The implementation of the whole-cell system is similar to the cell-free system except for the fact that we would be using cells that would take up the antibiotics and degrade them. For our purposes, we have considered the uptake rate to be instantaneous, and the system would function precisely as the cell-free system, but the degradation would be time-bound by HGT. The above 3D plot (Figure 8) would prove to be the most important in determining the use of the whole-cell system.

We have discussed the importance of α values that we have used in our modelling to take into consideration the fact that our enzymes wouldn’t be in ideal conditions. These would need to be determined experimentally to determine the kinetics of the enzyme. For the above graph we have used α1 = 0.7 and α2 = 0.8. But these would have to be determined for the system and slurry that would be used. A future direction for the use of the whole-cell system would be quick experimental methods to determine these alpha values. Once we have the enzyme kinetic equations ready, We would measure the concentration of antibiotics present in the slurry and wild bacterial population. Once we have an estimate of these values, we would run the HGT models by varying the amount of Coli Kaze that we add to the slurry. We would grow the bacteria in a separate tank and then mix the tank contents with the slurry. We use a sufficient amount of LB such that its nutrients are used up. Once bacterial growth is complete, this culture would be added to the slurry, as slurry won’t be enriched with furthermore nutrients limit the growth rate of Coli Kaze. For our simulations, we have used a growth rate of 0.03 hr-1 and death rate 0.005 hr-1 based on some freshwater lake data for the bacterial population. We run the simulations with different initial amounts of Coli Kaze and determine the amount of enzyme produced and the time taken for HGT. For our purposes, we have set the horizontal gene transfer threshold to be 1 cell/mL of slurry. We then see whether the time required for degradation is less than the time required for HGT transfer to reach its threshold. If the time is not lesser than the threshold, we would need to split the excreta into smaller batches with lesser amounts of antibiotics such that the degradation would be complete with a minimum amount of HGT.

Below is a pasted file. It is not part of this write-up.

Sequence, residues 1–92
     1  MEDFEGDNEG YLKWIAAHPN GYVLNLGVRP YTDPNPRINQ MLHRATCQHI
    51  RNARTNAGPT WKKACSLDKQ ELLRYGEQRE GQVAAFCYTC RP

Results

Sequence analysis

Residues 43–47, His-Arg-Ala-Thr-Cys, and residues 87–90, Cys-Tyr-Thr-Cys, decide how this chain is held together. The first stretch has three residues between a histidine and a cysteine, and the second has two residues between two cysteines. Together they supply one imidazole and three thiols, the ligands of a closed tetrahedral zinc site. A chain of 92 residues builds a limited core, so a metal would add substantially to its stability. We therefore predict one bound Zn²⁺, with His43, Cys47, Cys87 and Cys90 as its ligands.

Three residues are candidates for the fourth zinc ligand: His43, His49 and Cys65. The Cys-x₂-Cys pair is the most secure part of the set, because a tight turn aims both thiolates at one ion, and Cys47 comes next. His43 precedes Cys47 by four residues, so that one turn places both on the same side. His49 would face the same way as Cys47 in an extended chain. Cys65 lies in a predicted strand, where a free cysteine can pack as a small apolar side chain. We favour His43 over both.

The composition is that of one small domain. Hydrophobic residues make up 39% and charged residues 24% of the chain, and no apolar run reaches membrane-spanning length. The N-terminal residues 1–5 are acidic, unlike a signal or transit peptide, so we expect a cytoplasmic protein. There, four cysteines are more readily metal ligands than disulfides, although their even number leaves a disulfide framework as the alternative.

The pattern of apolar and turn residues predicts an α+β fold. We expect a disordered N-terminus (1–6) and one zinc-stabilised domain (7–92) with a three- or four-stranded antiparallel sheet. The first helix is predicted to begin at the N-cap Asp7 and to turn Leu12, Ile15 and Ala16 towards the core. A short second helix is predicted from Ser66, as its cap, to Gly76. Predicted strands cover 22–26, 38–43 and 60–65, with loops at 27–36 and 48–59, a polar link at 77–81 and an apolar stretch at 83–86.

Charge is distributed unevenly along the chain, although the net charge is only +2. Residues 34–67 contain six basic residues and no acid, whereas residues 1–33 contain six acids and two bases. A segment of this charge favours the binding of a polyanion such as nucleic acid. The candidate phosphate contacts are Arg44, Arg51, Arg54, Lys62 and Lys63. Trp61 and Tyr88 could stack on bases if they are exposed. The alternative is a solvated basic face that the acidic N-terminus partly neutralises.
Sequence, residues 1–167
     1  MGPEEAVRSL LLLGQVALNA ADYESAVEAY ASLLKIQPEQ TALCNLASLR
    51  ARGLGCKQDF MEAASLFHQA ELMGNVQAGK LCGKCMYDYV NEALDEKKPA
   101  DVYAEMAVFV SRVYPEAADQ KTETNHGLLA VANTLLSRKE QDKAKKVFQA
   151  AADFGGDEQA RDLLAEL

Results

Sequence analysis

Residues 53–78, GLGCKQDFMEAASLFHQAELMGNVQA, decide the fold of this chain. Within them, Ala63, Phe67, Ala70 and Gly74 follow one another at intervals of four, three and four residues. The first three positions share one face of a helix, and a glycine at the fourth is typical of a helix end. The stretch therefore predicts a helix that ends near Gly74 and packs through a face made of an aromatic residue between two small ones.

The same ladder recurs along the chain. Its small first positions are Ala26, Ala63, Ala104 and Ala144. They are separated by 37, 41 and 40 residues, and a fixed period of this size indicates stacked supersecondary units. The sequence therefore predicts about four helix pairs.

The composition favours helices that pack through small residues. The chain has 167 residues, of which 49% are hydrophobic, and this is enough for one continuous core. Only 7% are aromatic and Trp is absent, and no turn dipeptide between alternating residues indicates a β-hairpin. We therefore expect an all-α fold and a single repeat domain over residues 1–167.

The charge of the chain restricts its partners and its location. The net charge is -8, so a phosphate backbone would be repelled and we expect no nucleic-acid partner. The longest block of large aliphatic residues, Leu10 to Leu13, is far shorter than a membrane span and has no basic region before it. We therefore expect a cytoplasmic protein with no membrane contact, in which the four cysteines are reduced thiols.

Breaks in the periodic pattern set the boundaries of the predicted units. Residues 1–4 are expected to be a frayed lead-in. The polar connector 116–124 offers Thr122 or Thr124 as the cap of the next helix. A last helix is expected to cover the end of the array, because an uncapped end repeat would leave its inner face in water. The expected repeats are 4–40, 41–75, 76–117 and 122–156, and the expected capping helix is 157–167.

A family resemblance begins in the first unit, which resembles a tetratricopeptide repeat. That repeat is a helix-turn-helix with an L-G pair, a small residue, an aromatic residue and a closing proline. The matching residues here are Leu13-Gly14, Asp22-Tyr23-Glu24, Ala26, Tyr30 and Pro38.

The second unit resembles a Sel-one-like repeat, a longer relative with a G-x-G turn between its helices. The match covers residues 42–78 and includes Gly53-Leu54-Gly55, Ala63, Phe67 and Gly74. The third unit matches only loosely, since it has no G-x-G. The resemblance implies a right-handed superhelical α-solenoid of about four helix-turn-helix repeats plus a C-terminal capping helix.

From this implementation, we see that the whole-cell system would never be devoid of HGT, and it would be better to use a cell-free system as, in theory, it prevents HGT. However, in cases where the cellular physiology of the GMO is necessary for degradation of the antibiotic, we would require the whole-cell system as a backup for the degradation of antibiotics. The whole-cell system is still imperfect and is still subject to a lot of changes for proper implementation. However, this serves as a decent alternative when bacterial physiology is necessary for antibiotic degradation.


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2. Adapted from: 2020. Wedge Wire Trommel Screen, Wedge Wire Screen, Wire Screen Supplier.[Accessed 24 October 2020]
3. Scribd. 2020. Manure Processing Technologies | Agriculture | Anaerobic Digestion. [online] Available at: [Accessed 24 October 2020].
4. Kim E, Lee DH, Won S, Ahn H. Evaluation of Optimum Moisture Content for Composting of Beef Manure and Bedding Material Mixtures Using Oxygen Uptake Measurement. Asian-Australas J Anim Sci. 2016;29(5):753-758. doi:10.5713/ajas.15.0875